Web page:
Ed Dabney Gentle and Natural Horsemanship Confidence Course. Step by step obstacles to develop confidence, trust, agility, awareness on part of horse.
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Tribute to a Great Horseman

Humans, horses, wildlife and nature in general lost a good friend when Thompson Dabney passed away on February 27, 2006.  My Dad was a kind and gentle man, a friend to all.  He was a naturalist and a conservationist long before these became popular attitudes.  He loved the outdoors, wildlife and all of God’s beautiful creation.  He believed in treating people, animals and the land with respect and dignity.

Because of his generosity and talents lots of folks learned to enjoy horses and riding and many horses had better lives as well. 

Growing up on my parent’s horse farm was an ideal life for a skinny kid who loved horses.  I enjoyed many wonderful hours working and riding horses with my Dad.  It just doesn’t get any better than that.  The life lessons I learned around the barn have served me well all my life.

My Dad always had a gentle, natural way around horses and treated them well. He taught me, at an early age, how to ride with lightness and how to have the proper relationship of respect, trust and leadership with my horse.  His talent and wisdom with horses became the foundation for the horsemanship methods I use and teach today.

One particular incident that occurred when I was a young boy made a lasting impression on me.  My Dad’s Tennessee Walking Horse mare gave birth to a beautiful foal which was born on my Dad’s sister’s birthday so he named the new filly “Sis”.  Sis was exceptionally beautiful with excellent confirmation and a remarkable gait.  Because of this, when she was a young filly and riding well my Dad was encouraged to send her to a show trainer who would begin Sis’ career in the competition of Walking Horse Shows.  Our family had never done any showing so we were unfamiliar with the whole show world including the questionable training methods and the numerous “tricks of the trade”. 

One Sunday afternoon, soon after Sis had been sent to the Walking Horse show trainer, my Dad announced to my Mother, my brother and myself, “Let’s take a drive up to Nashville and see how Sis is doing.”  We all hopped in the car excited to make the 120 mile drive to go see our great show prospect, Sis, at the renowned show barn.  Upon our arrival the trainer was visibly disgruntled about our unannounced visit.  My Dad overlooked the trainer’s cold reception as he asked how Sis was doing and explained that we would like to see her.  The trainer made some grumbling objections but went to the barn anyway to bring Sis out.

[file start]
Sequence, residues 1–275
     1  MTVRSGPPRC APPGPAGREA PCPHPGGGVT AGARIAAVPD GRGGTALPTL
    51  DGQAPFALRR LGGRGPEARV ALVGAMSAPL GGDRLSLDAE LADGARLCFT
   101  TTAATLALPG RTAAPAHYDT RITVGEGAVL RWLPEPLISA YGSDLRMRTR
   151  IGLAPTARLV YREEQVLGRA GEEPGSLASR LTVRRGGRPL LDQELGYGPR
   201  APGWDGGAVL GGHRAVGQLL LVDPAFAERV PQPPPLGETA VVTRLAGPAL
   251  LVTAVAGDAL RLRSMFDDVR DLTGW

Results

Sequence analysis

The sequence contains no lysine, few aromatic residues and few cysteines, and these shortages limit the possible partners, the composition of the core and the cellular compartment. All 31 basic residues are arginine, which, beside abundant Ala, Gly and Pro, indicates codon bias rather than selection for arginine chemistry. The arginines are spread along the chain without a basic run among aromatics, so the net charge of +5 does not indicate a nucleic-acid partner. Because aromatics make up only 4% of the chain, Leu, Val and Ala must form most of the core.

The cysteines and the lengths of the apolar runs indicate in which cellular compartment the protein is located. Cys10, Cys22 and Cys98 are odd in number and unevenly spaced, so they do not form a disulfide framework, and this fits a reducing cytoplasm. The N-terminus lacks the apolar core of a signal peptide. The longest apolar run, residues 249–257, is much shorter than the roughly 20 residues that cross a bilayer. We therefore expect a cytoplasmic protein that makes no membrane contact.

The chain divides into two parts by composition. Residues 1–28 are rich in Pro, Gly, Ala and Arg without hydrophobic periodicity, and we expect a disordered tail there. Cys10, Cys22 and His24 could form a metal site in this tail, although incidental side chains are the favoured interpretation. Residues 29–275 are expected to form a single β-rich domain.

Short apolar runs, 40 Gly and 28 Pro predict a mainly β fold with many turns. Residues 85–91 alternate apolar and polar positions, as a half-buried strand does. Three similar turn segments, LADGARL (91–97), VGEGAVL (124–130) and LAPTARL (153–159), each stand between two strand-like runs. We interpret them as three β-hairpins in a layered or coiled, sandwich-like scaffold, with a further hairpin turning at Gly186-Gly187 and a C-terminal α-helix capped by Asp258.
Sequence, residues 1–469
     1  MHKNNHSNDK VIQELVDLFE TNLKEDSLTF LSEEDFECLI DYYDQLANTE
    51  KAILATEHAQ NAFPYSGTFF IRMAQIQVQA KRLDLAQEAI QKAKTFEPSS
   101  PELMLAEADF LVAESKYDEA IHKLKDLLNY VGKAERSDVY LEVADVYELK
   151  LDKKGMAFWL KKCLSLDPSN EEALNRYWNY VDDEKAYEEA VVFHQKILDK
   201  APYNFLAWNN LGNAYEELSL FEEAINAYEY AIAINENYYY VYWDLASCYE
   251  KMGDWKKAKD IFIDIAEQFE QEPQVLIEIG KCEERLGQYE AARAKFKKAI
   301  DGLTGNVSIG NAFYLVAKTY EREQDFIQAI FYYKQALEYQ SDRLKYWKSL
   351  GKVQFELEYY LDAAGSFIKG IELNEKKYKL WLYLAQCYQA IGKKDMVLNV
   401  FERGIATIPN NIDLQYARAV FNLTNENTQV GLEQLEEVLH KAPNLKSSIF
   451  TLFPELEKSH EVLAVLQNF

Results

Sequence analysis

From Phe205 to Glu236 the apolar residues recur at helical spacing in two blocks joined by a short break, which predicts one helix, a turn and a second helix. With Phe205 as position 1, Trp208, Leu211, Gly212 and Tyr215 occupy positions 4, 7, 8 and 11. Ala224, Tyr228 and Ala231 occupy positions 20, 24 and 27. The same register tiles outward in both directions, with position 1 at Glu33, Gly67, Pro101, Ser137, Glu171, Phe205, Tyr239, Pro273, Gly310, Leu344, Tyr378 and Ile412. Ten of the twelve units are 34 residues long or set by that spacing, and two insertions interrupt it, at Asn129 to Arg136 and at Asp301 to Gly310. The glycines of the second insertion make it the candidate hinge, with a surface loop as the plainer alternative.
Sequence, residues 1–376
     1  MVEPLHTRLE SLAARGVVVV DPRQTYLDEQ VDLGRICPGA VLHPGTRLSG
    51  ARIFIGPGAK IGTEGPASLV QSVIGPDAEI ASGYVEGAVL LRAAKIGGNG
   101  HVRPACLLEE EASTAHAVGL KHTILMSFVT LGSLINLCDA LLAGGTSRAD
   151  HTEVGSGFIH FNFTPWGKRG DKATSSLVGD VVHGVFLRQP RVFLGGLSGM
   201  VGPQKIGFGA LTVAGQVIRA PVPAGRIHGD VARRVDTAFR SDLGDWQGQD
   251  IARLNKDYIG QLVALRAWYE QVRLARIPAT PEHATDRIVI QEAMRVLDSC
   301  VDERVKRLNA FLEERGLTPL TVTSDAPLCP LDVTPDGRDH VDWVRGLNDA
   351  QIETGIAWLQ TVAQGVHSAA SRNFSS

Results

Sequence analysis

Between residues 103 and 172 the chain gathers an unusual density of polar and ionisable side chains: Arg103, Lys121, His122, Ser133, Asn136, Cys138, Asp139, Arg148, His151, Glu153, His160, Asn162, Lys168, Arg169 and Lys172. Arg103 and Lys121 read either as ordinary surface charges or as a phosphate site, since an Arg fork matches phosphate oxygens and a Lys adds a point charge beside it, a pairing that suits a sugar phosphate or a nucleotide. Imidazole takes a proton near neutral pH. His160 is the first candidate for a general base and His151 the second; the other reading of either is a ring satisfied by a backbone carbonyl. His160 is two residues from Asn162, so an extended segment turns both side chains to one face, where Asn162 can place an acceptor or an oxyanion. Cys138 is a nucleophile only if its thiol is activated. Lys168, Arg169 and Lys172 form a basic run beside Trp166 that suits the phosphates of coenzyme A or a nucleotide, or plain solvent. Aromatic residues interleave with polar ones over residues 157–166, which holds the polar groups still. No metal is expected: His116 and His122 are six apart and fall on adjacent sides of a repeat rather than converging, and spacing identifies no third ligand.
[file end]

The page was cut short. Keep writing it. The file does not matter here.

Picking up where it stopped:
When she was led out of the barn she was definitely doing some very animated “high stepping” with her front feet.  We had learned that this was the kind of movement the show judges liked to see.  We were thrilled seeing her moving out like a real show horse until I glanced at my Dad and saw that he wasn’t smiling and had a dark look on his face.  He had noticed that Sis was very troubled and seemed to be in pain.

My Dad asked the trainer to bring her to a stop and he swiftly walked over to her and began gently rubbing her all over looking for the source of the pain.  When my Dad picked up her hooves to check underneath he gasped with shock.  We were horrified to see that her frogs had been recently cut and hot mustard had been packed in the open wounds. 

My Dad immediately confronted the trainer and demanded an explanation for such unthinkable treatment.  The trainer became quite defensive in explaining that this was a common practice in the Walking Horse show world if one wanted to win shows.  He went on to boldly suggest that we should go home and leave the training up to him. 

My Dad agreed that we would go home but was quick to add that we would only be going home long enough to hook up the trailer and come right back to pick up Sis and bring her home.  Then the trainer became angry and began ranting loudly all about training contracts and lawsuits.  As we were getting in the car my Dad replied to the trainer, “I hope you do sue us for breaking the training contract, then we’ll see what the judge thinks about the so called training methods you use here.”
We made the long drive home mostly in shocked silence.  My Dad returned to the show barn that night, picked up Sis and arrived back at our farm in the wee hours of the morning dead tired but comforted by knowing his precious Sis was safe at home and that her “show career” was over forever.

Sis enjoyed many years of wonderful riding on the farm and trails under the care and guidance of her “gentle horseman”, my Dad.

I sure miss my Dad.  He was and still is my Hero.


Ed Dabney is an internationally acclaimed clinician, presenting horsemanship and riding clinics all over the US and in Europe.  In 2007, Ed was named Champion of the East Coast Trainer Challenge Series by Equine Extravaganza.  Ed was honored to have been selected by the University of Georgia to teach their senior level Young Horse Training course.

His training articles have appeared in many major national magazines.  Ed produces instructional videos and the “Gentle Horsemanship” TV program which has been seen on RFD-TV.

Ed's blending of natural horsemanship and classical equitation has made an indelible mark with students all across the United States and now also in Europe, drawing the attention of serious riders searching for the lightest touch and the deepest connection with their horses irrespective of breed or discipline.